So what I want to tell you guys is a little bit of a training thing, how things are gonna function. So we know the solar’s coming down, it’s getting processed over here by these charge controllers, and it’s getting thrown into the battery. We know that on a regular basis, the inverters are simply drawing off that battery, processing the energy and throwing it up to the load centers. So that’s the way it’s gonna function. It’s always gonna function that way.
But what happens in a major emergency there’s a generator on site, and we had this big transfer switch here. And if the inverters were to ever go dark, you have like a major problem here. It’s so easy. You can just walk over to this switch, throw it down two throws. This is a double throw switch. So it’s got a middle position, big click and a lower position, big click. This is the normal solar position of normal position, down bypass emergency position. So it goes, click click in the case of an and then you walk out to the generator, turn it on. And that literally takes the generator, wires themselves from the generator. They drop into the switch and they go straight out to the property. So it just, that’s what we call it a bypass switch. It just bypasses everything in this room here in the inverter room, bypasses the batteries, everything. It’s some kind of emergency and you just go through that procedure and you call us.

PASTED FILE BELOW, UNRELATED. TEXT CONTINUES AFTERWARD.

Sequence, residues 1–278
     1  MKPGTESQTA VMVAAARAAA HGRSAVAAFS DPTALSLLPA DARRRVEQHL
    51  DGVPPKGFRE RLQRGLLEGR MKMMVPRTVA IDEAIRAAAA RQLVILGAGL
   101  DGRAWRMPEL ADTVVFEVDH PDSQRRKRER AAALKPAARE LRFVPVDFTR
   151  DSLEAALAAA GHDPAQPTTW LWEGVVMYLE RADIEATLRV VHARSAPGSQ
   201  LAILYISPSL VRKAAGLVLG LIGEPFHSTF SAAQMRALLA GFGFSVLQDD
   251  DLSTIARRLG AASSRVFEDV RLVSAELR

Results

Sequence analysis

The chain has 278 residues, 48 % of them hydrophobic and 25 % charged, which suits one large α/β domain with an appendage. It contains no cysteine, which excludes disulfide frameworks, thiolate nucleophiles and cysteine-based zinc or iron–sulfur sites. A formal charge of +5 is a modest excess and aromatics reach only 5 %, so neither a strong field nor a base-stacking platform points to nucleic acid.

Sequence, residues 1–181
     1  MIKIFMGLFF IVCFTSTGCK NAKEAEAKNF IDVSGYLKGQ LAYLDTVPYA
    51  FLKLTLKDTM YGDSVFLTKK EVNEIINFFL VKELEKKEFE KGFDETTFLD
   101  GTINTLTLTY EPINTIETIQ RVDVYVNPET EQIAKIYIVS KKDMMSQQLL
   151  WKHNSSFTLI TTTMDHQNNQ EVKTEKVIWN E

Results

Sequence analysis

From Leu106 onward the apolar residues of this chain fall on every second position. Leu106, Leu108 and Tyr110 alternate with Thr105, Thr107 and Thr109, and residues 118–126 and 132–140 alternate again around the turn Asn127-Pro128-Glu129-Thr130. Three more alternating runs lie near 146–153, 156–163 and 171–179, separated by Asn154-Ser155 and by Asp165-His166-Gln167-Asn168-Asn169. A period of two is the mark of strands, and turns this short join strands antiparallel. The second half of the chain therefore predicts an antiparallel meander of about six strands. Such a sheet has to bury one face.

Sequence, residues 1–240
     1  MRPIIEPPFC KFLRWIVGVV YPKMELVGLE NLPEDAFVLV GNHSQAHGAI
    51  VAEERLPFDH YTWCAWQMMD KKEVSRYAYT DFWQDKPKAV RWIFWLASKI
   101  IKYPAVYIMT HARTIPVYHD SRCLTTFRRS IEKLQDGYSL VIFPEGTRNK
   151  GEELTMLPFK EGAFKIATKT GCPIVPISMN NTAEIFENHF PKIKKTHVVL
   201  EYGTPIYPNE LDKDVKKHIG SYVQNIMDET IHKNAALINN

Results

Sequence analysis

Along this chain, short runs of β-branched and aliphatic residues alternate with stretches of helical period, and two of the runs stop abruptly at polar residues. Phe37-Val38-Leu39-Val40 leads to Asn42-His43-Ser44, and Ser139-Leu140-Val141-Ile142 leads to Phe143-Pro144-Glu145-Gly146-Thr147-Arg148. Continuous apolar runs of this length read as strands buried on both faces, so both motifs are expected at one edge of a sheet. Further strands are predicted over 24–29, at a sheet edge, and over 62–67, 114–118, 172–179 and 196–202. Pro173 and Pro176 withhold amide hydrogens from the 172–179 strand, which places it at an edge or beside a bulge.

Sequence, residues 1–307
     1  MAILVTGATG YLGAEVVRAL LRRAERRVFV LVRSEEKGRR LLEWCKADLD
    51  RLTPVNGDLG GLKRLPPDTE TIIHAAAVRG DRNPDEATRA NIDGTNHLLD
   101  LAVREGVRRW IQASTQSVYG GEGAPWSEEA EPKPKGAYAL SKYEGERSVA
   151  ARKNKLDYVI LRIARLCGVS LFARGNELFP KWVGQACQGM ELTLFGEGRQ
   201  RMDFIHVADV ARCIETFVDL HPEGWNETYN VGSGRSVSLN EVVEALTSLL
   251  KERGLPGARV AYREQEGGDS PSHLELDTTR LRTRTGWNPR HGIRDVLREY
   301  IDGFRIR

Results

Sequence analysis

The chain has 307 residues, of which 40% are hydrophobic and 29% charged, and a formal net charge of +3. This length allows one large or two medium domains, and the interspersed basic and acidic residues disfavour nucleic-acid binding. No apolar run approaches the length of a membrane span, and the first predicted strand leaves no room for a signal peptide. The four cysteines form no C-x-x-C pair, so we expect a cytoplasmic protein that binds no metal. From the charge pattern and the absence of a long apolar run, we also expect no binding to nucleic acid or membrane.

So let’s just talk about what happens, normal operational processes in the event that the battery gets low. So of course, you know, the battery may get low, cloudy weather, high occupancy, or a combination of both things. And if that happens too often and the generator has to run too much, then you know, we just add solar, we add battery or whatever, but let’s just say that we have a high occupancy and cloudy weather situation and the battery starts getting low. So what happens there is that all this equipment monitors, the state of charge, the percentage that the battery is full, and we have it set currently so that when the battery is down at about 20%, it will go ahead and it will click on the generator. And what happens when the generator turns on is that these machines, they see that. So when the generator turns on, you’ll see this light start to flash. And then when it decides that it likes the power, it’s good voltage, good frequency coming from the generator, that light will go solid and you’ll hear a big audible clicking. And this light here will turn, ultimately will turn on. It will start to charge the battery and you can see it’s associated with charging the amps charging, and it will display the number of amps that this unit is pushing into the battery. So that’s kind of how this screen functions.